17 November 2011

Warning-- Fair Media Alert: CNA Story Covers Bishop Finn's Agreement with Clay County

Somehow a slip-up has occurred and a fair account of some aspect of the Bishop Finn persecution has been published.  The full story from CNA is here.  I wanted to highlight just a few excerpts below, with my comments:

The prosecutor of Clay County, Missouri is “reluctant” to follow the lead of the prosecutor in Jackson County because “he wasn’t going to have a successful prosecution,” St. Louis attorney Michael Quinlan suggested.  OK, this is spin, but reasonable spin.  Why?  Read this one:

“I think a fair minded jury should and would conclude that, there being no abuse victim, there could be no requirement to report,” he told CNA on Nov. 16.  That assumes facts not in evidence-- I wonder if any jury would be fair to a Catholic Bishop in this climate.  That is why the deal is good for both sides.  I agree that a fair-minded jury would acquit, to the extent we are talking about the Platonic form of fair-minded jury.

“I would have thought that this would suggest to the prosecuting authorities in Jackson County that they might step back from the brink, but I don’t know whether it will have that effect or not.”  Um, if there is a dollar or a vote in it, I would guess not.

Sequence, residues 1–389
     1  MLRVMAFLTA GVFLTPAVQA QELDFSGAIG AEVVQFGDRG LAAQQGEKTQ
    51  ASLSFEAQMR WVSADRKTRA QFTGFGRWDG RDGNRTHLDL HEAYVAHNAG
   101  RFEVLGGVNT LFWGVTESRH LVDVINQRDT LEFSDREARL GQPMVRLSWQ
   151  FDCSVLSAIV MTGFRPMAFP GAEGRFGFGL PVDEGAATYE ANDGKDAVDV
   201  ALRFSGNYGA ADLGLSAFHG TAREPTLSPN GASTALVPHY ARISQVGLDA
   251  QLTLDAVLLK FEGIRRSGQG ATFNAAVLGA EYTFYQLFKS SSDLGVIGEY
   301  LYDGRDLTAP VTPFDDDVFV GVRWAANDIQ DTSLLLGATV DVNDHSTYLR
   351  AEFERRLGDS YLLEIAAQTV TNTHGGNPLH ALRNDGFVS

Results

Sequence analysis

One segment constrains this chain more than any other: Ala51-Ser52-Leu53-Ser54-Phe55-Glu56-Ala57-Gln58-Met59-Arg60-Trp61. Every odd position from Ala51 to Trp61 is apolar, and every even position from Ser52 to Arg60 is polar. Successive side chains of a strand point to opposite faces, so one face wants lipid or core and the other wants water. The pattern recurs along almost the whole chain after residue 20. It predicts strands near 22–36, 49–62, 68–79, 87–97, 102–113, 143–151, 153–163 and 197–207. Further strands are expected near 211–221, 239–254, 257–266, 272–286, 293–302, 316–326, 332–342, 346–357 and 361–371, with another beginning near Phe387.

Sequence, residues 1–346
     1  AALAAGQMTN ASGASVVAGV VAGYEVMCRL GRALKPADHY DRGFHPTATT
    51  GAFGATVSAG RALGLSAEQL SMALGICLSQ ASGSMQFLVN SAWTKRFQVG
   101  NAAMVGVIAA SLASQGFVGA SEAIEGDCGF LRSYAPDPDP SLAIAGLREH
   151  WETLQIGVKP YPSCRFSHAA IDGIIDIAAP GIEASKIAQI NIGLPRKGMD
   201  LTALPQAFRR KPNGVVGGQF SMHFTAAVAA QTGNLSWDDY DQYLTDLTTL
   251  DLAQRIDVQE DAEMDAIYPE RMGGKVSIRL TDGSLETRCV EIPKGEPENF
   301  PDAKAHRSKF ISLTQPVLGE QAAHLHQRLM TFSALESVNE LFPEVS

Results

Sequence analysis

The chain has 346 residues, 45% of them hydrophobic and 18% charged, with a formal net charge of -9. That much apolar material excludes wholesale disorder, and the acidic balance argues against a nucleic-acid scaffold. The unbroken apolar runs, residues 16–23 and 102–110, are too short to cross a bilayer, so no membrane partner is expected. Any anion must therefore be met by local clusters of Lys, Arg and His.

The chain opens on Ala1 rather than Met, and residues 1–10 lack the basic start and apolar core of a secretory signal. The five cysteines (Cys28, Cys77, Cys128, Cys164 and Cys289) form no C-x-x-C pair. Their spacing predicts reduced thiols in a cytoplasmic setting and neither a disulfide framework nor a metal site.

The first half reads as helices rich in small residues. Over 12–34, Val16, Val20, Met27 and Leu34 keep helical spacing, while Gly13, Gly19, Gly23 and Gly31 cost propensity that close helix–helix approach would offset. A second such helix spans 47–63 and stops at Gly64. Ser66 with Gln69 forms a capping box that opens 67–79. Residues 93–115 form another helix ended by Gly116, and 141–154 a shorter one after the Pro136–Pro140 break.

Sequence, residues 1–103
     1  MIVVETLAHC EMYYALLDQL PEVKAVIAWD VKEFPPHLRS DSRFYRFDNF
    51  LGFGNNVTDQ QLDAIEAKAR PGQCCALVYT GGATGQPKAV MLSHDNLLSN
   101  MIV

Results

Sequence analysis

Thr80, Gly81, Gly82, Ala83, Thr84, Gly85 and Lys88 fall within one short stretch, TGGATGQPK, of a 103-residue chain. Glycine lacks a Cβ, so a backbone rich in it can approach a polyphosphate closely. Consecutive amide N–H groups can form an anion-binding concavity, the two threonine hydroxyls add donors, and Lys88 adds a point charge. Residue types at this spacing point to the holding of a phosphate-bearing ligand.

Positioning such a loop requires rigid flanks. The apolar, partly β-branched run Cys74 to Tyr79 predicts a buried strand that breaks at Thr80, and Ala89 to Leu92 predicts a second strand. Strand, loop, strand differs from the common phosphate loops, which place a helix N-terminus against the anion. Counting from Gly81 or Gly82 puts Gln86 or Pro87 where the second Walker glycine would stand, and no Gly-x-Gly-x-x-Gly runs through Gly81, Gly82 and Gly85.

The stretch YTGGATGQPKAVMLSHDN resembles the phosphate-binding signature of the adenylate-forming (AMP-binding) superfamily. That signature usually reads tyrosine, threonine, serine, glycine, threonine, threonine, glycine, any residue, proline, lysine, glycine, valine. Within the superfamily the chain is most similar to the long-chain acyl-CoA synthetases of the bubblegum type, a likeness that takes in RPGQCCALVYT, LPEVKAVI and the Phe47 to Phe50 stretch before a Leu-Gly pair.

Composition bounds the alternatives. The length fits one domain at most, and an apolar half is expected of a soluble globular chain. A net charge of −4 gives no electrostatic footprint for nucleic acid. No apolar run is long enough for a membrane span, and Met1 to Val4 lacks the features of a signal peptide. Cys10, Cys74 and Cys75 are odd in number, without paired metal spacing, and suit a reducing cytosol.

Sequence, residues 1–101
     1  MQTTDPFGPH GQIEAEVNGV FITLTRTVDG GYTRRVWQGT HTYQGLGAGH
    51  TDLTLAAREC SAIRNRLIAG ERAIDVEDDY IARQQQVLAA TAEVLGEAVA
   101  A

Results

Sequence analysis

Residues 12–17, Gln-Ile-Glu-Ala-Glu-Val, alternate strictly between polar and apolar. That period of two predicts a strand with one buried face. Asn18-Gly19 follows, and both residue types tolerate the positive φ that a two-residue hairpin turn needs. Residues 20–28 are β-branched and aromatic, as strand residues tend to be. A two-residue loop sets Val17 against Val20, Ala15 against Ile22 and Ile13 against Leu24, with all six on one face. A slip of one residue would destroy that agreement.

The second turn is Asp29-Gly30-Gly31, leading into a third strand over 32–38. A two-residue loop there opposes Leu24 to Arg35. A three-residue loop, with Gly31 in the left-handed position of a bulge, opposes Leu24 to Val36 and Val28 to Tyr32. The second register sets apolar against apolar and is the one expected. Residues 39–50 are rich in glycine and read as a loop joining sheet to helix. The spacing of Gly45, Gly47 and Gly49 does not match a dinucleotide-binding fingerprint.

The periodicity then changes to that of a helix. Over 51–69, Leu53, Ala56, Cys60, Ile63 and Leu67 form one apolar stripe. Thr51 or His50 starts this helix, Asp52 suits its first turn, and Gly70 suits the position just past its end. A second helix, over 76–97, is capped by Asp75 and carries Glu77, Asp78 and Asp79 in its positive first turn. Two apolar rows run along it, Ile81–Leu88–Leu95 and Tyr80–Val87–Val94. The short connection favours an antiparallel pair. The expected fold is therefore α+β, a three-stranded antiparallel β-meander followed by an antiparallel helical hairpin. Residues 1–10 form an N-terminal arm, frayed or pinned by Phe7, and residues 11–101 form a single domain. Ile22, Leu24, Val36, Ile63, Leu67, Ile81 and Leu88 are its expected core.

The agreement between Bishop Finn and county prosecutors prompted criticism from Peter Isely, a national board member of the Survivors Network of those Abused by Priests.  I. Am. SHOCKED!  SNAP would likely criticize a plan to publicly execute the Pope, all bishops and priests, and most Catholic bloggers as being too lenient.  Besides, there would be no more reason for them to exist, and they just bought new clothes and all...

However, Quinlan thought such a response was overstated.

“Basically there was a delay of what, a few months? For people like SNAP and some of these people to run around saying that this is a cover-up akin to what went on in the ‘70s, ‘80s, and ‘90s, it’s just not at all fair.

“The diocese is the one who turned the guy in in the end. It’s not like they got caught hiding something, they turned him in. That doesn’t seem to ever get mentioned.”  Wow, that really doesn't get mentioned, does it?

1 comment:

Anonymous said...

This comment is not to challenge the general point. Still, some of Quinlan's legal reasoning is wrong. Under the reporting statute, if there is probable cause the mandatory reporter has to report to DFS. Quinlan reasons because you couldn't identify the victims that there was no probable cause. Child porn is probable cause.

There are some better defenses but I think the case might be stronger than portrayed.